Information contained in this publication is intended for informational purposes only and does not constitute legal advice or opinion, nor is it a substitute for the professional judgment of an attorney.
When employers receive a “Power Harassment” claim in Japan that doesn’t seem to be tied to a protected category, do employers still need to investigate the complaint?
One of your employees, who is working in Japan, files a complaint that her boss is yelling at them every day relating to a performance issue, and says these yelling incidents constitute power harassment. This employee’s allegation does not relate to any protected category. She is essentially claiming that the manager is “mean.”
Do you have an obligation to investigate the employee complaint? The short answer is “Yes”. The new Power Harassment law requiring investigation of power harassment claims took effect on April 1, 2022 for employers of all sizes in Japan.
Power harassment is essentially bullying in the workplace and is not necessarily tied to a specific protected category. Power harassment occurs where an employee engages in conduct that takes advantage of their position or power, such conduct exceeds the employee’s reasonable scope of duties, and this conduct may cause other workers' mental or physical suffering or otherwise may be harmful to the work environment.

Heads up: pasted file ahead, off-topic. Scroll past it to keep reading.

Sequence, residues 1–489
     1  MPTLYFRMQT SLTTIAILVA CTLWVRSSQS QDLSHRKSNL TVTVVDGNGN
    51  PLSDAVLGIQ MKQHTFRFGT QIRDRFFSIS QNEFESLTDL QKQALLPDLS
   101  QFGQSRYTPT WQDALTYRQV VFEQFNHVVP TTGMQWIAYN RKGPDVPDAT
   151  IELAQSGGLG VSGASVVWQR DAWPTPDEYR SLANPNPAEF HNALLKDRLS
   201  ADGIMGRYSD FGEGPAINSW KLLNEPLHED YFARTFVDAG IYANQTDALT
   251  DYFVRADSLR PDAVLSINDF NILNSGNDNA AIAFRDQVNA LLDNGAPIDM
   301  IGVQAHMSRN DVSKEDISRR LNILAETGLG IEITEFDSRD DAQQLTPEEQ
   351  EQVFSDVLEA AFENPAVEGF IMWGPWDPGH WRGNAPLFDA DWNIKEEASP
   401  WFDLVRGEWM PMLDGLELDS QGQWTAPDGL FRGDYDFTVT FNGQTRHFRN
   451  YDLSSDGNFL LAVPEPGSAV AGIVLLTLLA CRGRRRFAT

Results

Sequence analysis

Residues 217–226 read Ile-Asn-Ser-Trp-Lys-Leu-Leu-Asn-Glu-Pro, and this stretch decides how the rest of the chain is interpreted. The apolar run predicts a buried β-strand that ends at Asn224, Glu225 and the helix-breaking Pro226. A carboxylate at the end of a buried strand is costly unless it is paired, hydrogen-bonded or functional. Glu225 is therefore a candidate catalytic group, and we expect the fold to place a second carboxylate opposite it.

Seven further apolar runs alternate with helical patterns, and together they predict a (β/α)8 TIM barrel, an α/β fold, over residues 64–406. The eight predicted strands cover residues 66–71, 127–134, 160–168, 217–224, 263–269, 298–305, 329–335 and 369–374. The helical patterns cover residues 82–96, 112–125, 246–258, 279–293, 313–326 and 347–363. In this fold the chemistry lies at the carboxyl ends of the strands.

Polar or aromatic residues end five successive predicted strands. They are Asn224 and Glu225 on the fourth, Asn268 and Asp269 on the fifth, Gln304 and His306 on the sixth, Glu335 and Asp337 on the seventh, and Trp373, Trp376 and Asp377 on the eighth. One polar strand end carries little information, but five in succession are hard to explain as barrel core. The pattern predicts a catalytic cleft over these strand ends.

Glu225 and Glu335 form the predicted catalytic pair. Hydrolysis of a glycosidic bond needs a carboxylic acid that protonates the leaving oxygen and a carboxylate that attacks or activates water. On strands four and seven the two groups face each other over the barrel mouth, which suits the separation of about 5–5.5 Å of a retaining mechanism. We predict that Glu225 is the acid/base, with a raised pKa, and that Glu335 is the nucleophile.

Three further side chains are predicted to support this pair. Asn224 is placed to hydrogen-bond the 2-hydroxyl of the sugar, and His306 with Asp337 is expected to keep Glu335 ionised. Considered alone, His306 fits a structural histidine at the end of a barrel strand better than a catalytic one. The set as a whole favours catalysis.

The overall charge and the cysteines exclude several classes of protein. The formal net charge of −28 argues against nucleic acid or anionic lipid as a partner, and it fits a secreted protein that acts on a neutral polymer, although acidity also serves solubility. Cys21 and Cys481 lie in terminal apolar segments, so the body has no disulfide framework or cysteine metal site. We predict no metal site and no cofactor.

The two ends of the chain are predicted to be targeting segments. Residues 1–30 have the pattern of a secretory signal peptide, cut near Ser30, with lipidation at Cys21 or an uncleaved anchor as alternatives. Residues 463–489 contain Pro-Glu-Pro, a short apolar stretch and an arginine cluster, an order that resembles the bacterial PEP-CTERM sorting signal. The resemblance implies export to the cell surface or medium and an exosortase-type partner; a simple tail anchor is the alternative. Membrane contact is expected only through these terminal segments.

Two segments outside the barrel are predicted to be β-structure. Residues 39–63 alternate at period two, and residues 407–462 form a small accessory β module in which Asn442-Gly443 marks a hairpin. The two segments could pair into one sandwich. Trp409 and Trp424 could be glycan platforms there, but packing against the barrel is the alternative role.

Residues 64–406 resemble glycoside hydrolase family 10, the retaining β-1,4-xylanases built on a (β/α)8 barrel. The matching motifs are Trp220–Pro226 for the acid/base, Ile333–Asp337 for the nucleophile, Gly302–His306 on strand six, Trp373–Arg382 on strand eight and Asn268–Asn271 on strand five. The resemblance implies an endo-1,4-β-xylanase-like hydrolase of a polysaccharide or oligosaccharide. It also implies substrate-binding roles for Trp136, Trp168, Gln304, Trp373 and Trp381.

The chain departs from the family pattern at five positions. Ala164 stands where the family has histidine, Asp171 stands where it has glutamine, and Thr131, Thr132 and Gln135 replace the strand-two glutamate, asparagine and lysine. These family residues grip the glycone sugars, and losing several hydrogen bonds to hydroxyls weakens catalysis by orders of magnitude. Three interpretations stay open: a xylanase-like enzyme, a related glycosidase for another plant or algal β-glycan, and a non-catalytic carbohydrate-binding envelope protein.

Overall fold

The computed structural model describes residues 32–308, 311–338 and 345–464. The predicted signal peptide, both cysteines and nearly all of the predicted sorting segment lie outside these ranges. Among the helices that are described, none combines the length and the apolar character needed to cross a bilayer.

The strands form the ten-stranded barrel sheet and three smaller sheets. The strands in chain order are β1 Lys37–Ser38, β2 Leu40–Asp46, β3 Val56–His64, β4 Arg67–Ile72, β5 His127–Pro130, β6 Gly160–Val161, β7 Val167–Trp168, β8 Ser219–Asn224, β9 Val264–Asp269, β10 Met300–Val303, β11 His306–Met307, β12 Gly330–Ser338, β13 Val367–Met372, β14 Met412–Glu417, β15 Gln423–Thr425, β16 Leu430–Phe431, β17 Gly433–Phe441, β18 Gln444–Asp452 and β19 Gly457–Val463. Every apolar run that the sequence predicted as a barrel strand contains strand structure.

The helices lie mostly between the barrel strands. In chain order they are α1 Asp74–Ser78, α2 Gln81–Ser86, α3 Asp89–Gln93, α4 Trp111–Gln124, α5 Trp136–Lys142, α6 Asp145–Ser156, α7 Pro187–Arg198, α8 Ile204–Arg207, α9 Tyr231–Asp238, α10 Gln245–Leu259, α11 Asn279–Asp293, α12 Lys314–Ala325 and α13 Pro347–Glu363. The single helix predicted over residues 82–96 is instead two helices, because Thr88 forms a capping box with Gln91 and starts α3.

Examples of power harassment under government guidelines include physical attacks, mental attacks, personal attacks, isolating someone, assigning humiliating or excessive work without justifiable reasons, or other such conduct.
The employer is required to determine the facts in a swift and accurate manner, while maintaining the complainant’s confidentiality. Additionally, the Power Harassment law requires the employer take other actions such as implementing an anti-power harassment policy and implementing a reporting hotline.
To learn more about the Power Harassment law or address questions regarding compliance with the same, please reach out to your preferred Littler contact.